Note that only one (1!) woman is named as a possible replacement for the only woman in GQP leadership! Who knew that Republican women would stand in solidarity with a sister in trouble… wait, what’s that you say, Axios:
What we’re hearing: Most members recognize Cheney can’t be succeeded by a white man, given their top two leaders — House Minority Leader Kevin McCarthy (R-Calif.) and House Minority Whip Steve Scalise (R-La.) — fill that demographic.
- Selling such a team in a midterm year would compound the GOP’s challenges with suburban women.
- The conference meets next Wednesday, May 12. Most members expect the process to oust Cheney to begin then, whether formally or informally, after some of McCarthy’s top lieutenants broadened their complaints against her.
- It would take up to a two-thirds vote of the 212 caucus members to replace her — a relatively high bar if a secret ballot is held.
Between the lines: The criticism prompted immediate speculation about her replacement. Republican Hill sources told Axios the list could include:
- Stefanik (R-N.Y.): Widely seen as a rising star in the party, she gained popularity for fiercely defending Trump during his first impeachment.
- Wagner (R-Mo.): A member of Congress since 2013, she was initially considered a potential replacement to Cheney as conference chair when she was considering running for Senate.
- Wagner is now debating whether to run for the seat that Sen. Roy Blunt (R-M0.) is vacating due to retirement.
- Walorski (R-Ind.): She also has served in the House since 2013 and is the top Republican on the House Ethics Committee. She serves on the powerful Ways and Means Committee.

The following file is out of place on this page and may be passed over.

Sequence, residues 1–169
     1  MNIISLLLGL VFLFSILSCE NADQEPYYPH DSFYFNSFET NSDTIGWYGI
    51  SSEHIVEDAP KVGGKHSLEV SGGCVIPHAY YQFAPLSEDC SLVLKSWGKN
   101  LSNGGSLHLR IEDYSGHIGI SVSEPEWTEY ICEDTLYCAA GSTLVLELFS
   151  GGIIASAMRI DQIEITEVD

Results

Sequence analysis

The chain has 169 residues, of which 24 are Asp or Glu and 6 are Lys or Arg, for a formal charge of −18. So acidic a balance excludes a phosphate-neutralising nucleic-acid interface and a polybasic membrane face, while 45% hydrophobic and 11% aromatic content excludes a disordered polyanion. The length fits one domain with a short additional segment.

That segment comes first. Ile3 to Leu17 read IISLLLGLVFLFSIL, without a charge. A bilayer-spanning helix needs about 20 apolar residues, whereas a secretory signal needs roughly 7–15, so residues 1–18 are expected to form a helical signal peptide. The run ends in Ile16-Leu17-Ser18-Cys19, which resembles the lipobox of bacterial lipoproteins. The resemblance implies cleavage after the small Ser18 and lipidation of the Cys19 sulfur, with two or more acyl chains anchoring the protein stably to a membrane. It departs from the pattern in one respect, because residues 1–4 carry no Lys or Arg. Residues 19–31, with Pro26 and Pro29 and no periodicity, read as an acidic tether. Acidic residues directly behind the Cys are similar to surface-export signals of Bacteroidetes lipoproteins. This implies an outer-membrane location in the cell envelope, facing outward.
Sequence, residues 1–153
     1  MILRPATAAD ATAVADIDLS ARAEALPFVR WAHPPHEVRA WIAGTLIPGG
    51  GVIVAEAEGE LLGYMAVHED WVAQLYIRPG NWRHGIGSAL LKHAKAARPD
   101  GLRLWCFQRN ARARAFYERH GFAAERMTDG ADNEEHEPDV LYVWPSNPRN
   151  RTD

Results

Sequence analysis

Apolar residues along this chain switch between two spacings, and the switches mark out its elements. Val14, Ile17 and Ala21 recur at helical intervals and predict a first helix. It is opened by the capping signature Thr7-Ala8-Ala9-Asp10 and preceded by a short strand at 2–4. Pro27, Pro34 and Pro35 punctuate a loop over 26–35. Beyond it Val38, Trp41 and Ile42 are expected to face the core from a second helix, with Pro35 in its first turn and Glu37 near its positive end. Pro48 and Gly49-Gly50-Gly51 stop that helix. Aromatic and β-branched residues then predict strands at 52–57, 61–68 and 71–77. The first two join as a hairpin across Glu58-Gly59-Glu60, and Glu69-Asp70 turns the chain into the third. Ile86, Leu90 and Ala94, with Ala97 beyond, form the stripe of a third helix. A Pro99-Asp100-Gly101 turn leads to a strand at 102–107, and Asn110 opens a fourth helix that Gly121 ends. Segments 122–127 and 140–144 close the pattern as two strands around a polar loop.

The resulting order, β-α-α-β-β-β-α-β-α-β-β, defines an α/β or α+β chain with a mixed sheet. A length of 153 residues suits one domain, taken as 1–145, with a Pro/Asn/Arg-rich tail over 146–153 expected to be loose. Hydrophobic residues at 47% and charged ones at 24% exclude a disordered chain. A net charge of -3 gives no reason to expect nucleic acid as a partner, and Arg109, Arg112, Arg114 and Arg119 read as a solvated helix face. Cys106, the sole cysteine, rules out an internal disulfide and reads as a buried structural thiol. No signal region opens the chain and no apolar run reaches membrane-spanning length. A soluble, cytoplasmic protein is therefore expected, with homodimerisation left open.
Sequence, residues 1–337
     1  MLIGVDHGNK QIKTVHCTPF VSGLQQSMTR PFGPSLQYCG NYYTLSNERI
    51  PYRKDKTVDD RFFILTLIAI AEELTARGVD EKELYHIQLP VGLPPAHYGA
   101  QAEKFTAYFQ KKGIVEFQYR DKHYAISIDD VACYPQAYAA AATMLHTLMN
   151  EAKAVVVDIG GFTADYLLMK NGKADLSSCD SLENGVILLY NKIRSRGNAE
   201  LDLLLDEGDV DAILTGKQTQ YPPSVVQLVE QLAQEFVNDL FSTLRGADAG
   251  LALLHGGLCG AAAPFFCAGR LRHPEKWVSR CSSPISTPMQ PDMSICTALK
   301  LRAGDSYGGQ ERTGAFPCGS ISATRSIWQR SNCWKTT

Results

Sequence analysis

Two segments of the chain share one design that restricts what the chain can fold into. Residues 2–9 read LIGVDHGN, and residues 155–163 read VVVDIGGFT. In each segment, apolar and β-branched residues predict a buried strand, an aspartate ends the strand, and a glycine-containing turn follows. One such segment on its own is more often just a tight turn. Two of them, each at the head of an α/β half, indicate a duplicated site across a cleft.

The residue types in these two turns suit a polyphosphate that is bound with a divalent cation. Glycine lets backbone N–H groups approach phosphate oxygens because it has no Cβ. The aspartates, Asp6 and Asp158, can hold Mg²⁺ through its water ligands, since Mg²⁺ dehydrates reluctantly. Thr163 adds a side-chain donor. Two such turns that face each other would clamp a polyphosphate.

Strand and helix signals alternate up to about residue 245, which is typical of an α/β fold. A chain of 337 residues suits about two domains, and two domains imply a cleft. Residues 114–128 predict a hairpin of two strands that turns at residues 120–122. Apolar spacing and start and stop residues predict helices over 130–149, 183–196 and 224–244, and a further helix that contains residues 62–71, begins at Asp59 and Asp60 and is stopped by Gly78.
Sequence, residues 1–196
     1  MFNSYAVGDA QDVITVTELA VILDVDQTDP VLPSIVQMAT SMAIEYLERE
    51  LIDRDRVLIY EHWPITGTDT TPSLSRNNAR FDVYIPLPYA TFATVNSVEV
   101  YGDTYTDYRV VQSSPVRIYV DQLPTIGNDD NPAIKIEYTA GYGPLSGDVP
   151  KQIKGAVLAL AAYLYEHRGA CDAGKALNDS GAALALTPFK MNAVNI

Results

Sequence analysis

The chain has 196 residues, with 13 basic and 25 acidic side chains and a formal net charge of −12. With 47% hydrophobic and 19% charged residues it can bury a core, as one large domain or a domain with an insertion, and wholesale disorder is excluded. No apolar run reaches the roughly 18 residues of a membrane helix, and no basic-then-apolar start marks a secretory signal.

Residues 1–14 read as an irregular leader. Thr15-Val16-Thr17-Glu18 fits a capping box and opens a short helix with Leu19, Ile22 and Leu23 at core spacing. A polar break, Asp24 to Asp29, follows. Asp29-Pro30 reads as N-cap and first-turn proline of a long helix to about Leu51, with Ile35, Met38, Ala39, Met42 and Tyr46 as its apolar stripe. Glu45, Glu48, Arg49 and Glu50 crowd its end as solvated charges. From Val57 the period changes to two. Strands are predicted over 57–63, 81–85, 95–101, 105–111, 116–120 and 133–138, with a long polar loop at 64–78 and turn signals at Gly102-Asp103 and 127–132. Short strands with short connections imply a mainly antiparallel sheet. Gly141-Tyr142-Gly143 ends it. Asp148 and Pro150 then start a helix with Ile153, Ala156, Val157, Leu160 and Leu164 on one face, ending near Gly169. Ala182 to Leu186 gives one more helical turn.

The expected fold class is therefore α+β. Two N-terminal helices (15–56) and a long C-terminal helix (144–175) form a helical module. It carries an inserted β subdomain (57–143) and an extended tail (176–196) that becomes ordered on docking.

- Walorski is well-liked within the party and is seen as someone who wouldn’t cause waves in leadership.
But, but, but: Several aides mentioned Rep. Cathy McMorris Rodgers (R-Wash.) since she previously served as chairwoman of the House GOP conference from 2012 to 2018.
- Some also think Rodgers could be “a good placeholder” before the next leadership elections, one leadership aide told Axios.
- Nonetheless, Rodgers was recently selected as the top Republican on the House Energy and Commerce Committee, something many aides don’t think she’d want to relinquish.
Worth noting: None of these women voted to impeach Trump this year or in 2019.
We return to Politico:
-Some big GOP donors are adding to the ouster calls by sayingthat as long as Cheney is in leadership, they won’t be giving any more money, one senior House Republican told me. Some donors, when they realize members are fundraising to pay off their NRCC dues, also say they want commitments that none of their money will make its way to Cheney. “I mean they’re just so frustrated by her,” the member told me, before adding: “She’s writing her own obituary.”
BLAME THE SKIRT!!1! She’s writing her own obit for not drinking the Kool Aid, remember that, too.
-Some Republicans are speculating that she is trying to make herself into a martyr — it’s more striking to go down for a cause rather than simply fade out. They point to how, as the anger is fomenting, she continues to press her message. Most recently, she tweeted about the “big lie” Monday.
A Republican strapping on the ol’ suicide vest? Most of that party nails themselves to the cross daily. They all think that they are martyrs.
Anyway, here’s K-Mac this morning:
Don’t lose sight of “the message” – what they object to is that Cheney says that Donald Trump lost the election fairly and then tried to overturn it; their message is that the 2020 Election was stolen and that Stupid Coup didn’t happen. That’s it.